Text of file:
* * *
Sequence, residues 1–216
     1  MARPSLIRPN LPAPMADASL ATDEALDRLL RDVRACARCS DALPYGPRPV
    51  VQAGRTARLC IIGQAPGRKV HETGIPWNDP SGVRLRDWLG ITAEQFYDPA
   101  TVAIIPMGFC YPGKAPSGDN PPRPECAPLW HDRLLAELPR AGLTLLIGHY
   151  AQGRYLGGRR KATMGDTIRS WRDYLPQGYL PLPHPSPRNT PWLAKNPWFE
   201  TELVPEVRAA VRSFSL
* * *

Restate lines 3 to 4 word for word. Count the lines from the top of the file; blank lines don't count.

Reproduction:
    51  VQAGRTARLC IIGQAPGRKV HETGIPWNDP SGVRLRDWLG ITAEQFYDPA
   101  TVAIIPMGFC YPGKAPSGDN PPRPECAPLW HDRLLAELPR AGLTLLIGHY